Community college faculty members are far likelier than those at four-year institutions to believe that their students are underprepared for college work. But professors at two-year institutions are more satisfied with their jobs than are their peers at four-year colleges, according to a survey of faculty attitudes by a research center at the University of California at Los Angeles.
"The American College Teacher," a report on a survey conducted every three years by UCLA's Higher Education Research Institute, offers a portrait of the full-time professoriate (part-timers are not surveyed) on a range of workplace and personal issues, including their views of their jobs, their institutions and their students. The survey contains a wealth of data on professors' duties, job satisfaction and sources of stress, among many other factors.
One of the most closely analyzed nuggets of data -- especially by commentators outside academe -- is on professors' political views. This year's report suggests that commentators who complain about the leftward lurch of the professoriate are not imagining it: 51.9 percent of the 40,670 professors surveyed described themselves as far left or liberal, while just 19.5 percent said they were conservative or far right.
This continues a steady shift, with the biggest change over time coming not from a reduction in the number of conservative professors but (like the national political landscape generally) from a shrinkage of the political center: In 2004-5, only 29 percent of respondents described themselves as middle of the road, down from about 40 percent in 1989-90. (It's also clear, though, that overgeneralization can be dangerous. More than a quarter of professors at two-year colleges and non-Roman Catholic religious institutions defined themselves as conservative.)
Moving on to less sexy but perhaps more meaningful findings, the survey asked for the first time whether professors were satisfied with the quality of their students. Just under half of all instructors -- 49.6 percent -- said they were. In addition, only 35.5 percent of all professors said they believed that faculty members at their own institution felt that students were well-prepared academically, although that number has actually increased from 28 percent in 1998.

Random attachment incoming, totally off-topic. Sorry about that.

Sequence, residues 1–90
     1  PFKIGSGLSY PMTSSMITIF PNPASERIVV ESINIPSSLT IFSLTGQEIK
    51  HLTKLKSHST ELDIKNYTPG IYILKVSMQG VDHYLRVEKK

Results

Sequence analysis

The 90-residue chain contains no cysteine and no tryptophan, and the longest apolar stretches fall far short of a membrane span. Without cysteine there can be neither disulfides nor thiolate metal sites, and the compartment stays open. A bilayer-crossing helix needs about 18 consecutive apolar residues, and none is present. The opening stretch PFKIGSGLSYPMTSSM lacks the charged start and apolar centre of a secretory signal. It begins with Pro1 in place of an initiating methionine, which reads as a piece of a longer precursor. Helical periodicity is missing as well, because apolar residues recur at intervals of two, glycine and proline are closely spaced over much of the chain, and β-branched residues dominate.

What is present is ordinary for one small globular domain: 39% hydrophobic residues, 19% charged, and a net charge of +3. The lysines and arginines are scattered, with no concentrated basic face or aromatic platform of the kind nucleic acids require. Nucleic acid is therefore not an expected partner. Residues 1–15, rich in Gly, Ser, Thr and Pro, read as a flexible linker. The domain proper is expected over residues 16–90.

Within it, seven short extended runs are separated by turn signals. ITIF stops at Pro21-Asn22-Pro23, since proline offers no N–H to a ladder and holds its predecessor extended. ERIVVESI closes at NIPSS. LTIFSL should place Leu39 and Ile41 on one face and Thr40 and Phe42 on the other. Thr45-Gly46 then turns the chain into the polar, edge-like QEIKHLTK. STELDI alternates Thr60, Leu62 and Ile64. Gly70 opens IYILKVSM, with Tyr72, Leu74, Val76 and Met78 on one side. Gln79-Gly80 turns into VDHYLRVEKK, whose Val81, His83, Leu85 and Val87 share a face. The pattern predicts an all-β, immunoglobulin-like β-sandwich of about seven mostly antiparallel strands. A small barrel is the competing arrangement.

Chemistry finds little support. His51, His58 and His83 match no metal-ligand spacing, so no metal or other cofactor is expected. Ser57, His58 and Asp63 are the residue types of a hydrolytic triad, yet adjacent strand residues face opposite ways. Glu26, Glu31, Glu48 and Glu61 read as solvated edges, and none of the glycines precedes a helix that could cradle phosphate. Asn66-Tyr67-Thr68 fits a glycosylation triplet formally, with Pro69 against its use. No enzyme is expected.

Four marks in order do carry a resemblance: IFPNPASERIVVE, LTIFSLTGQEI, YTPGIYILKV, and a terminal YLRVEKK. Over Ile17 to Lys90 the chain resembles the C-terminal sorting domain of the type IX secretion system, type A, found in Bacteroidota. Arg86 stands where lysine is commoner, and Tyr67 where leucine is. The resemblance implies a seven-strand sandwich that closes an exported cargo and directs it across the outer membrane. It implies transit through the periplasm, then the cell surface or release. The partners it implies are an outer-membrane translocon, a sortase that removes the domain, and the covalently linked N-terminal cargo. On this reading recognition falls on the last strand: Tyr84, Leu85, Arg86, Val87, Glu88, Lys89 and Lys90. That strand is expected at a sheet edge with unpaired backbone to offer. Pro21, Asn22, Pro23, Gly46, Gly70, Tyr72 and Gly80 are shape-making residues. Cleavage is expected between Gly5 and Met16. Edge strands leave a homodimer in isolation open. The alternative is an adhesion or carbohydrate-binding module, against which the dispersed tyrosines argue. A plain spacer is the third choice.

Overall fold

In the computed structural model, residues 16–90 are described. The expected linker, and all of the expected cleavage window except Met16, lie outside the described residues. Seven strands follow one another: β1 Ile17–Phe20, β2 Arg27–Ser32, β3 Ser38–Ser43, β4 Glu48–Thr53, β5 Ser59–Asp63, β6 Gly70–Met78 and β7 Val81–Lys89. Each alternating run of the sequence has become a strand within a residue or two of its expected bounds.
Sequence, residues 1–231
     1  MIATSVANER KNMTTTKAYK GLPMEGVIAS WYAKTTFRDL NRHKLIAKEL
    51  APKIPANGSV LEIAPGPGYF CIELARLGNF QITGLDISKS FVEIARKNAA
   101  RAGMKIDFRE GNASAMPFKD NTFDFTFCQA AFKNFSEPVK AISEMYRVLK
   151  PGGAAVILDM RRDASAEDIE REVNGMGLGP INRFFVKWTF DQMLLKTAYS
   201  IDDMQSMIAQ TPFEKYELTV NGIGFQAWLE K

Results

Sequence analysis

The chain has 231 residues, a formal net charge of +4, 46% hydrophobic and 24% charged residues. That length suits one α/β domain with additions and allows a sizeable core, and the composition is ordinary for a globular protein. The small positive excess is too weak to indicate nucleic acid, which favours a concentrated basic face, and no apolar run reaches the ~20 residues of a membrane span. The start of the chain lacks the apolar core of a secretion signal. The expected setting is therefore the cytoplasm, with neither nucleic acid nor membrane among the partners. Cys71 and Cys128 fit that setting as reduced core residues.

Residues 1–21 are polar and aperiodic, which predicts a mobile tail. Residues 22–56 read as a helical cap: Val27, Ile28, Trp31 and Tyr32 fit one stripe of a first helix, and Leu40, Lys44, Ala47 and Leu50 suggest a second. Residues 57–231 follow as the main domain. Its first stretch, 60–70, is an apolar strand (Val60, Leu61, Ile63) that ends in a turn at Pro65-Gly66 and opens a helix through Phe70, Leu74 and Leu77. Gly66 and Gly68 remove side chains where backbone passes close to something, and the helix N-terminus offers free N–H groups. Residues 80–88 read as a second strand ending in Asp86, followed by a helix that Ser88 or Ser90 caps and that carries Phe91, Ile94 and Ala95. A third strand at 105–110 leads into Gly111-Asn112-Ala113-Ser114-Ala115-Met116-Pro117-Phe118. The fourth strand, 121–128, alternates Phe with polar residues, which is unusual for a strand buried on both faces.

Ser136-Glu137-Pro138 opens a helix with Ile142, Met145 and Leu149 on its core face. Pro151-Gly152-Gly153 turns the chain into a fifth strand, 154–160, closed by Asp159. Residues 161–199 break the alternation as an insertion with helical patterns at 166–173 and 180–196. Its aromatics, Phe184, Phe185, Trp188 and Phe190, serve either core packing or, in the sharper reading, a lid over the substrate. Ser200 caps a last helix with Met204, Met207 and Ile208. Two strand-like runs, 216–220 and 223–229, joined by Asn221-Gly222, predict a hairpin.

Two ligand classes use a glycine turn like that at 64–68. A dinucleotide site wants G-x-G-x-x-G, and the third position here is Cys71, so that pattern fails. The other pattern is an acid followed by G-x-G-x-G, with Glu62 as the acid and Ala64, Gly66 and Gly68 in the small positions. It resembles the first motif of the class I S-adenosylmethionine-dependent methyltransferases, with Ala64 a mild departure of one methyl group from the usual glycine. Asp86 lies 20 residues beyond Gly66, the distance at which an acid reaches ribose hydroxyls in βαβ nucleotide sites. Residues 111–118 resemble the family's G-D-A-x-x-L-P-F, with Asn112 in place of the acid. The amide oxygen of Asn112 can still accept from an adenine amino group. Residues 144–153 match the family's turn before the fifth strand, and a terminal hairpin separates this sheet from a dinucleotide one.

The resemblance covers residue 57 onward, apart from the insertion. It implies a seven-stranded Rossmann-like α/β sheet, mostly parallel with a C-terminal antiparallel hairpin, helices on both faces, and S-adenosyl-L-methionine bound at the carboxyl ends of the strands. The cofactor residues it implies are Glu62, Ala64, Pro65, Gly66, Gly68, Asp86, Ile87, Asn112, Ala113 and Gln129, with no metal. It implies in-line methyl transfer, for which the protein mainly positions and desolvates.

Fewer than two in five faculty members at two-year institutions said they were satisfied with the quality of their students, compared to 75.1 percent of professors at private universities, 51.7 percent at public universities, and 55.9 percent at private four-year colleges. And only 21.5 percent of community college professors said their students were well-prepared academically, compared to nearly 45 percent at four-year private colleges and 36.5 percent at public universities.
But two-year college instructors seemed, by and large, to like working at institutions that embraced the mission of serving underprepared students. More than four in five community college professors said they believed that their institutions take "responsibility for educating underprepared students" (compared to about three in five instructors at other colleges).
In addition, two-year-college instructors were more likely than those at four-year colleges to say that their "values are congruent with the dominant institutional values" where they worked, and 81.5 percent of them said they were either very satisfied or satisfied with their jobs, compared to 76.8 percent of four-year college professors. They were also more likely than four-year college professors (by a margin of 73 to 67 percent) to say they experienced joy in their work "to a great extent."
In another measure of professors' job satisfaction, the survey asked respondents: "If you were to begin your career again, would you still want to be a college professor?" Two-year and four-year professors answered that question similarly, as about 85 percent of each said definitely or probably yes -- but male instructors were more likely than their female counterparts to definitely want to do it all again, by a margin of 57 percent to 52 percent.
That may be because women were likelier than men to say that they felt stress in the last two years from a broad array of institutional and personal factors, as shown in the following table:
Proportion of Male and Female Professors Citing Stress From Various Factors
|Factor||% of Men Citing as Cause of Stress||% of Women Citing as Cause of Stress|
|Managing household responsibilities||68.0%||81.8%|
|Lack of personal time||68.5||81.9|
|Keeping up with technology||54.0||64.2|
|Being part of 2-career couple||31.0||41.6|
Among other highlights of the UCLA survey:
- Given a list of items and asked which were "high" or "highest" priorities at their institutions, professors' top answer was promoting the intellectual development of students, at 83 percent. But while such things as developing students' leadership and increasing the representation of women and minority group members lagged, next on the list were enhancing the institution's national image and increasing or sustaining its prestige.
- Three in five faculty members said they believed strongly or somewhat that "tenure is essential to attract the best minds to academe. About a third said it was an "outmoded concept."
- Nearly a quarter of instructors said college officials have the right to ban people with extreme views from speaking on the campus.
- Thirty percent said colleges should be concerned with facilitating undergraduates' spiritual development.
- Nine of 10 professors said they believed a racially and ethnically diverse student body enhances the educational experience of all students; about a quarter say that promoting diversity leads to the "admission of too many underprepared students."
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